They call it biting the hand which feeds you.
But until today, fans of the top-rating comedy Two and a Half Men may not have realised how well the show had fed its 19-year-old star, Angus T. Jones.
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Sitcom star decries his show as 'filth'
Teenage star Angus Jones, who plays Jake on Two and a Half Men, has joined a breakaway Christian church. In a video testimony he begs people to "please stop watching" his show.
In a video interview recorded for a Christian church, which was released last week, Jones described the show as "filth" and urged people not to watch it.
Now the US website The Smoking Gun has published details of Jones's contract to star in the show, confirming he is paid an extraordinary $US300,000 ($287,660) per episode by Warner Brothers Television.
It's filthy work, if you can get it.
The contract also guaranteed Jones a minimum of 13 shows in the 2010/2011 and 2011/2012 seasons. Subtotal: $US3.9 million per year.
On top of that, Jones was also given a $US500,000 bonus. Subtotal: $US8.3 million minimum, across the two years.
The icing on the cake is one quarter of one per cent of "modified adjusted gross receipts" - industry jargon for a slice of the revenue made by the domestic and international sales of a TV program.
It is difficult to calculate the total windfall that would deliver Jones, nor the millions more he has earned in the preceding seasons, but look at it this way: Two and a Half Men is Warner Bros Television's biggest earner, and easily the equal, in commercial terms, of past mega-hits such as ER and Friends.
For most of its shelf life, the Two and a Half Men has starred Charlie Sheen and Jon Cryer as two brothers. Jones played the "half" - Cryer's character Alan's son, Jake. (Sheen left the series in 2011.)
And yet the most curious thing about Jones is that despite being in a top-rating international TV hit, prior to last week very few people knew who he was, at least by name, as Sheen and Cryer have always been the focus of the show's publicity.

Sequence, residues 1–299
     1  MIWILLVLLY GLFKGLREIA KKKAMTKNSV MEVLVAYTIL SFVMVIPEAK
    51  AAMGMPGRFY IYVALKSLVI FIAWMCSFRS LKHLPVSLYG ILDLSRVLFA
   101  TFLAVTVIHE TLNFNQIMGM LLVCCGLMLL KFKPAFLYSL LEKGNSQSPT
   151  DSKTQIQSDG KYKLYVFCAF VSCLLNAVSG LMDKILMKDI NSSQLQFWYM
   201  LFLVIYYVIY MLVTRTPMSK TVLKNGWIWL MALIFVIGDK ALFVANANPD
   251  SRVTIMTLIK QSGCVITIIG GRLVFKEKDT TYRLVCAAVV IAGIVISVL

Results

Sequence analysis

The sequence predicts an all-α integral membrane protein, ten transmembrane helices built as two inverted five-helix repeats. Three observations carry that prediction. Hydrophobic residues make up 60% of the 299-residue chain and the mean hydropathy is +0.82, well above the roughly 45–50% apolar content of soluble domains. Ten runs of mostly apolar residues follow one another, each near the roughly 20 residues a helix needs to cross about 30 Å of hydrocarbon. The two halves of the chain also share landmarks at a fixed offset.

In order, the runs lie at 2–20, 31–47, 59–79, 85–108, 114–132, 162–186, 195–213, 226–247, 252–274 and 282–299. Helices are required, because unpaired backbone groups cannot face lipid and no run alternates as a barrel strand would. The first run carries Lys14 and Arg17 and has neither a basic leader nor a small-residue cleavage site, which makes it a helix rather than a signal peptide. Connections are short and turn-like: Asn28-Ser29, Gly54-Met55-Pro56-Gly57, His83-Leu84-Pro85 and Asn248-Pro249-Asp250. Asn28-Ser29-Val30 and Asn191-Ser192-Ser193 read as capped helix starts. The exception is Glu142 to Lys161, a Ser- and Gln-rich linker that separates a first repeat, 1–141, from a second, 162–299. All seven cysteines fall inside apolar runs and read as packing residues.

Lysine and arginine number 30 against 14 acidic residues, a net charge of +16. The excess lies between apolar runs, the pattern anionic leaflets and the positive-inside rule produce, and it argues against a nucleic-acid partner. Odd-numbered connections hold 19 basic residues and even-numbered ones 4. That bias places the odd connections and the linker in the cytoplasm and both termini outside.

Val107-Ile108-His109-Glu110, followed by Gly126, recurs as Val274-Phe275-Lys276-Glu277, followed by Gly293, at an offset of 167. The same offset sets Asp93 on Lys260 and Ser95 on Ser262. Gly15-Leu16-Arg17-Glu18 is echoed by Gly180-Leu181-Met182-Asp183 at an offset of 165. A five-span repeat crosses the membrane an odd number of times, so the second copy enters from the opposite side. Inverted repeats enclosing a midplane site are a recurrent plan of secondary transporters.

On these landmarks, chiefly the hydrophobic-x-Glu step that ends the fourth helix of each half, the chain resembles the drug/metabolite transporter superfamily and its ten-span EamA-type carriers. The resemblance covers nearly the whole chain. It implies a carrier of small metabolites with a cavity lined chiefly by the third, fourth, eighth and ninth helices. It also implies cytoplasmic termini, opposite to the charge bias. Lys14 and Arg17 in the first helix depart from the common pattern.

It is safe to say that is no longer the case.
After describing the show which has lined his pockets with millions of dollars as "filth", Jones has now become a household name.
"I'm on Two and a Half Men and I don't want to be on it," he said. "Please stop watching it and filling your head with filth." [And his pockets, with money.]
Jones has also tried to staunch the fallout from the scandal by issuing an apology, in which he said he "never intended" to show "indifference to and disrespect of my colleagues and a lack of appreciation of the extraordinary opportunity of which I have been blessed".
But the apology has done little to dampen the impact of the scandal in Hollywood, nor to stop speculation that Jones will leave the series when its current season - the 10th - wraps production next year.
It is not clear whether making disparaging marks is a clear breach of his contract, however, there is no doubt Warner Bros Television will want to minimise the damage the show by closing the scandal as quickly as it can.
The show has already weathered one massive scandal: the departure of the show's star, Charlie Sheen, in 2011.
According to media reports, talks are underway between his representatives and the studio.
"Conversations are ongoing about his future role on the show," his publicist told The Hollywood Reporter this week.
Though where that leaves a show titled Two and a Half Men, which has lost "one" of the men already, and is sitting on the brink of losing the "half", is not exactly clear.
They could change the name to Last Man Standing, though even that path looks like it is closed to them: rival studio 20th Century Fox already owns the rights to that title.